The changing face of the workplace
Cloud computing is essentially about paying for what you need in terms of IT services and getting it when you want it. In principle start-up companies can get off the ground, and major organisations reorient their infrastructure, in days - as they don’t need onerous capital investment for IT infrastructure.
Government G-Cloud leads the way
We don’t usually associate government with industry-leading IT but the UK government’s G-Cloud is a potential exception. Today, the perception that it’s dangerous to place private data outside of a company’s firewall tends to override the fact that the technology and know-how already exists to protect information in the public cloud.
IT workers and the cloud
There has been a small wave of panic lately to the end that cloud computing signals the death knell for traditional IT workers. The perception is that enterprise job openings such as server administrators, database administrators and infrastructure and network people are likely to become far fewer given that the cloud provides these services in cost-effective and flexible ways.
New technologies for next-generation data centres
I’ve blogged previously on the impact that cloud is having on innovations in the data centre. It’s a constantly evolving story – and one that keeps most of us in the industry on the edge of our seats, reflecting just how deep and pervasive cloud computing has become in the IT enterprise landscape.
Digital vigilantes and the maturing cloud
The annual Cloud Expo Europe (CEE) has been and gone, and as a marker of the industry’s pulse it threw out some interesting insights. CEE is a growing event and each year it features an increasing number of industry heavyweights keen to hold forth on their cloud experiences and how they see the cloud moving forward.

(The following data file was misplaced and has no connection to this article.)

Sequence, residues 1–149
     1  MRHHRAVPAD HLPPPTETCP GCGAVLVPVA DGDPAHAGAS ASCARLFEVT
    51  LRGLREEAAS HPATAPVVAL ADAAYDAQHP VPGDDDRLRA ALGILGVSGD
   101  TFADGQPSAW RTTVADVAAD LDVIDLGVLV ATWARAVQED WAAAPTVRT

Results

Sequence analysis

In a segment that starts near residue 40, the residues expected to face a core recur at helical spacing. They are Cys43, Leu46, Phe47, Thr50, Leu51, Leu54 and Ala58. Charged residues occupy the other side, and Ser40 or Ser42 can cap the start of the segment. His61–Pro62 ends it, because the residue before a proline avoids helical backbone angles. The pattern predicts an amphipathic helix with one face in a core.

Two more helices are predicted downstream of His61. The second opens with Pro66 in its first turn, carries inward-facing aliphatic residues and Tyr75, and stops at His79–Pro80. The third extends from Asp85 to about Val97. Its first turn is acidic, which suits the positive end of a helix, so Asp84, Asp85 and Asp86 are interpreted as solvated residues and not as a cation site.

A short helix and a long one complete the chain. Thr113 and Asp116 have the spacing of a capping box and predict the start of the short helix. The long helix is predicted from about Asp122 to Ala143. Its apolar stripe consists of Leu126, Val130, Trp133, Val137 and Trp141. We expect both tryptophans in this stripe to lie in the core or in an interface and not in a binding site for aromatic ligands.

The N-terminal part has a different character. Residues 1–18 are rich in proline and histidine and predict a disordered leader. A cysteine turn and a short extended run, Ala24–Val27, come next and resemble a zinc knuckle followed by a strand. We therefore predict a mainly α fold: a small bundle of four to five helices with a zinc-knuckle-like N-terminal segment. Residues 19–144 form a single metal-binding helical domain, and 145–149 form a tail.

Looking ahead – cloud developments this year
In my previous posting I referenced some Forrester Research that took an optimistic position on cloud growth during 2012. In this post, I’m going to drill down a bit further and explain why 2012 is set to be a year of advancement for cloud technologies and some of the issues that will come to the fore.
Will 2012 be the year of the cloud?
I do believe 2012 is going to be an exciting year for cloud computing, and there are many who share this belief, too.Forrester’s US Tech Market Outlook for 2012, published in late December 2011, is optimistic about how much cloud computing will grow this year, estimating that sales for four leading vendors will increase by 23% in Q1, and will then grow 24% quarter-on-quarter until the year’s end.
Community clouds are shared infrastructures used by several organisations that have the same concerns such as mission, security, policy and compliance requirements. They’re a relatively new concept and can be very useful for organisations that have a shared set of objectives, whether it’s companies in an industry or departments within a government organisation.
Turning up the heat to cool down
In my last blog post I touched on the need to create energy-efficient data centres to ensure cloud computing lives up to its true potential. This time around I’d like to focus on a specific method for improving efficiency through high temperature ambient (HTA) data centres.